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Gloves come off in second GOP presidential debate

August 11, 2011|By James Oliphant
(Chip Somodevilla/Getty…)

Reporting from Ames, Iowa — A sometimes sleepy Republican race for president sprang to life Thursday night, showing some flash and fire, and highlighting deepening fissures between the candidates.

Just days before a key straw poll vote in Iowa, eight contenders for the nomination mixed it up on a stage on the campus at Iowa State University. But the poll, like the debate, threatened to be overshadowed by the news that Texas Gov. Rick Perry is set to enter -- and potentially upend -- the race.

Though Perry was not in Iowa, his name was on just about everyone's lips in Ames; even the candidates were asked about him. And his presence could spell doom for candidates who have been living on the margins, such as Newt Gingrich, Jon Huntsman and Tim Pawlenty.

The pressure Thursday also fell on Michele Bachmann, whose campaign has been on an upswing since the first presidential debate two months ago in New Hampshire. Bachmann faces a potential threat in Perry; both candidates will heavily court evangelical voters here in Iowa in advance of next year's caucuses.

Bachmann spent much of the debate restating, in strong terms, her opposition to raising the nation's debt ceiling; she was critical of the deal reached earlier this month on Capitol Hill. She contended that the downgrade given the nation's credit rating earlier this month by Standard and Poor's vindicated her view.

"I was proved right in my position," Bachmann said.

But when pressed early in the debate, Bachmann provided few details on how she would boost the troubled economy, in contrast with many of her competitors. She was also slammed by Pawlenty, the former Minnesota governor, who called her unqualified to be president.

"Look, she's done wonderful things in her life," said Pawlenty, who is fighting to stay afloat in the race. "But it's an undisputable fact. In Congress, her record of accomplishment and results is nonexistent. "

He also accused Bachmann, his top rival in Iowa, of repeatedly making false and misleading statements.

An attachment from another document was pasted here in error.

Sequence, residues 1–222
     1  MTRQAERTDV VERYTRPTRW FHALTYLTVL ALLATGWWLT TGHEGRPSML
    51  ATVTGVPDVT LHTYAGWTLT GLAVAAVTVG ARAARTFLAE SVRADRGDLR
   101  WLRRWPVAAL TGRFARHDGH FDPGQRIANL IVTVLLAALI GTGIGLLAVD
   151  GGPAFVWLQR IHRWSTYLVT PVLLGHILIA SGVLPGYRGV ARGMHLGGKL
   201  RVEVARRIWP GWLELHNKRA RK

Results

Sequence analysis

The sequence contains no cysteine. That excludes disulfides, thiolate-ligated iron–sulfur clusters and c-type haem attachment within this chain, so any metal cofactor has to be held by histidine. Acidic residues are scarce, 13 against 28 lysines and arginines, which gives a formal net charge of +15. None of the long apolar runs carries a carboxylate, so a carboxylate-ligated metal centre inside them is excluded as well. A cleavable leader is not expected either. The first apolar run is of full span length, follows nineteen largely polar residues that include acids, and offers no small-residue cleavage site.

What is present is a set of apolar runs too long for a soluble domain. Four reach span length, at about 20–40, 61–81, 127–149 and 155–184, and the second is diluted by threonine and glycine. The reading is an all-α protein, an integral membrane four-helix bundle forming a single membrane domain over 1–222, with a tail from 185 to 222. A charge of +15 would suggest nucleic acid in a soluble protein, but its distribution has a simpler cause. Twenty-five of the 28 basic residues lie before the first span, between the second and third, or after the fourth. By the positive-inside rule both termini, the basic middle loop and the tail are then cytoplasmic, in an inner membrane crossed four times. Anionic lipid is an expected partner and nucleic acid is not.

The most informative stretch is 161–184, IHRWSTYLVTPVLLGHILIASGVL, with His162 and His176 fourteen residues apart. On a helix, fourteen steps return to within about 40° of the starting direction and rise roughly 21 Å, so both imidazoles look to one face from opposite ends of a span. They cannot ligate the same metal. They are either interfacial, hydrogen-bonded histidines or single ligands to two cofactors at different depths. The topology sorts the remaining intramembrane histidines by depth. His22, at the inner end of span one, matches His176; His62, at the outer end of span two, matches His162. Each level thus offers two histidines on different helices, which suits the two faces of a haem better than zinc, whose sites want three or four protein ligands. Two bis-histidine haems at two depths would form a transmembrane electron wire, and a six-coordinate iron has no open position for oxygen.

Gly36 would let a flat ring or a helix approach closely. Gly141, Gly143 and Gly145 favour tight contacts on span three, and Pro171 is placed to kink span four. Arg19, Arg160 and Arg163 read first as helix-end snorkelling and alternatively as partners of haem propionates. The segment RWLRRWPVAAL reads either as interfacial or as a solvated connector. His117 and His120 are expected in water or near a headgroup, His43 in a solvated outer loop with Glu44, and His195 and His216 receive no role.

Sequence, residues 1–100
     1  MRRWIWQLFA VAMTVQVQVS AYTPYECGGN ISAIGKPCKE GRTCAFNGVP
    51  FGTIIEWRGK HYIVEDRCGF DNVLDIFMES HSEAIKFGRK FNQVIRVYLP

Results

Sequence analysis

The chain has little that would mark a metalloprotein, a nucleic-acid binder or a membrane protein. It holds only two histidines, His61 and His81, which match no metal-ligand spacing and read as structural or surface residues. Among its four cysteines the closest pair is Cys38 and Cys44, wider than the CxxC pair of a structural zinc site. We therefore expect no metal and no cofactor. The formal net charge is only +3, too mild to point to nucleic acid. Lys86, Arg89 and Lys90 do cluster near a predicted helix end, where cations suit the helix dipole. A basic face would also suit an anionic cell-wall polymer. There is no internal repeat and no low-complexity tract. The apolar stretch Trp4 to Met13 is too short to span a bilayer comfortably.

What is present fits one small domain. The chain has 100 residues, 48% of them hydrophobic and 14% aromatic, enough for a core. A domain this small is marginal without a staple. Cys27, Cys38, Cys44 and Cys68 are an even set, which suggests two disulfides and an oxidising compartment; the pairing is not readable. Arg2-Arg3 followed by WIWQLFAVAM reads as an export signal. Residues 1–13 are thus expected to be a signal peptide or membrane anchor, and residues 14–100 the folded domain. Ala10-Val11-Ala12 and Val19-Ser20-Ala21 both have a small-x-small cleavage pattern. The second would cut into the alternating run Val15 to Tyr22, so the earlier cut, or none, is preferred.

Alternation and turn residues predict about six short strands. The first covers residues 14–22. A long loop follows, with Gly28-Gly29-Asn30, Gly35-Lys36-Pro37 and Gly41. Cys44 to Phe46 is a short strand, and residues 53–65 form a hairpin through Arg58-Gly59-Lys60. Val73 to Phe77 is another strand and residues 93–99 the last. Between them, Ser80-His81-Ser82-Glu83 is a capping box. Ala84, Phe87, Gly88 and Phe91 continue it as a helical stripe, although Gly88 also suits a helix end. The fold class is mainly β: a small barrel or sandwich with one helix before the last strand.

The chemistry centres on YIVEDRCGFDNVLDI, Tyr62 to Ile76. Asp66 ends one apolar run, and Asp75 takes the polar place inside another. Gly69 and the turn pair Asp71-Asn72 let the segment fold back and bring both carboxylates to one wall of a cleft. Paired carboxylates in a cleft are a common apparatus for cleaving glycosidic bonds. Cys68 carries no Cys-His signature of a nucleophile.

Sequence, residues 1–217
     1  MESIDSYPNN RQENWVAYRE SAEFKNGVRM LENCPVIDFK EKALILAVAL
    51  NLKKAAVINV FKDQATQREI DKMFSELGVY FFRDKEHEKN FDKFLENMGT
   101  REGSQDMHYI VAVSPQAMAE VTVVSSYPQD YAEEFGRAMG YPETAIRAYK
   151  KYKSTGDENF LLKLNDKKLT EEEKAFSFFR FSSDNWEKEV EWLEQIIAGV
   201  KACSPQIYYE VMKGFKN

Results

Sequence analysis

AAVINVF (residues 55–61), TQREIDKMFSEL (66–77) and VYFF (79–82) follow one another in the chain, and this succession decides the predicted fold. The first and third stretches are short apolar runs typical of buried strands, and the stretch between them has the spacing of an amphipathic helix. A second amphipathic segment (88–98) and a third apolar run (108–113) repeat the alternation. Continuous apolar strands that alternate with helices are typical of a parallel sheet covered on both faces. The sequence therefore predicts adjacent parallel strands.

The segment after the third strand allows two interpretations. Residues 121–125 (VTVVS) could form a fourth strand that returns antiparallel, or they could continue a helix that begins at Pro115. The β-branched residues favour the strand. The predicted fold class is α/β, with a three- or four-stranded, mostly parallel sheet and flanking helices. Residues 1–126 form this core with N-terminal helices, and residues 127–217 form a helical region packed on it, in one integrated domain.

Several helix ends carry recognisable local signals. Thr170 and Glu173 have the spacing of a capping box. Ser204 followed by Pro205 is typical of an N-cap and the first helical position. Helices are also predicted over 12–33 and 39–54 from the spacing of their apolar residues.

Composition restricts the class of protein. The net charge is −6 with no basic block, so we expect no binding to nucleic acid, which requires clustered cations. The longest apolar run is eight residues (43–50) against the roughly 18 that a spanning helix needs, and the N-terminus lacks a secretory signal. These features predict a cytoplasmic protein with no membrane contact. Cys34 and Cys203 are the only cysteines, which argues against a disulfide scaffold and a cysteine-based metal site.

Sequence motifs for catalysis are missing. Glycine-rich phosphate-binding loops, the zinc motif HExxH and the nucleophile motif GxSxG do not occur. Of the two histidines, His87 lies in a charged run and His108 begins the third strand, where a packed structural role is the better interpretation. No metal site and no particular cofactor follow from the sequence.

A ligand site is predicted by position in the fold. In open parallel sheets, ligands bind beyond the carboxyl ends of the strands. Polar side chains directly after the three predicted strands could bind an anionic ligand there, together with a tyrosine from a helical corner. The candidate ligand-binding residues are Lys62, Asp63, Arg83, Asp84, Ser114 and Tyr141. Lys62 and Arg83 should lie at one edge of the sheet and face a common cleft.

In a rough-and-tumble exchange, Bachmann compared Pawlenty to President Obama, citing his past support of policies such as capping greenhouse gases. She continued hitting the populist notes that have driven her campaign forward.

"People are looking for a champion," she said.

Bachmann was also asked whether she would follow some Christian teachings and "submit" to her husband, Marcus, should she become president, a question that elicited boos from the crowd in the university auditorium. She responded by equating "submission" with "respect."

"We respect each other; we love each other," she said. "I'm so grateful we've been able to build a home together."

Perhaps the largest beneficiary of the back-and-forth between Bachmann and Pawlenty was Mitt Romney, the nominal GOP front-runner. As in the first debate in New Hampshire, Romney largely escaped attack, although he didn't go completely unscathed.

Pawlenty was given a second chance to attack Romney over the state healthcare plan enacted into law while he was governor of Massachusetts.

Pawlenty's refusal to do so in the first debate was widely viewed as damaging his campaign, and he didn't make the same mistake. He told Romney that claiming his plan was different than the Democratic healthcare law backed by Obama "isn't credible."

Romney gave the response he's provided several times over, saying that his plan was intended for his state only, not the nation, and again vowed to repeal the Democratic bill should he be elected.

Romney's Mormon beliefs were also raised, in a question to candidate Herman Cain, who said some Americans, particularly in the South, needed more information about the faith.

Former Sen. Rick Santorum of Pennsylvania and Rep. Ron Paul of Texas fell into a contentious exchange over the threat posed by a nuclear Iran. Paul restated his opposition to the conflicts in Iraq and Afghanistan, earning fervent applause from some in the arena and demonstrating that he remained a threat to win Saturday's straw poll.

The debate was a coming-out party of sorts for Huntsman, the former Utah governor and Obama's ambassador to China. It was a chance for the candidate to introduce himself to the public. He spoke of his credentials as a tax-cutter and job creator in Utah.

But his conservative credentials were questioned by Fox News Channel's Chris Wallace, who noted Huntsman's support for cap-and-trade policies and same-sex marriages, as well as his role in the Obama administration.

Huntsman said he was proud of his ambassadorship, saying it was an opportunity to serve the country. "I'll take that philosophy to my grave," he said. He spoke admiringly of a globalized economy, but said that environmental regulation in the United States had made manufacturing jobs scarce. "We don't make things anymore in this country," he lamented.

He also restated his support for same-sex civil unions, putting him squarely at odds with his rivals. "I think this nation can do a better job when it comes to equality," he said.

Pawlenty had obviously made an effort to toughen his rhetoric for the second debate. He called on Obama to cancel his planned vacation in New England later this month, saying he was "missing in action" on the economy.

At one point, Pawlenty joked that he would cook dinner or mow the lawn of anyone who could point to Obama's plan to preserve Medicare, Medicaid and Social Security. Except, he said, in a veiled shot at Romney's wealth, he would limit Romney to "one acre."

"That's fine," Romney said with a smile.

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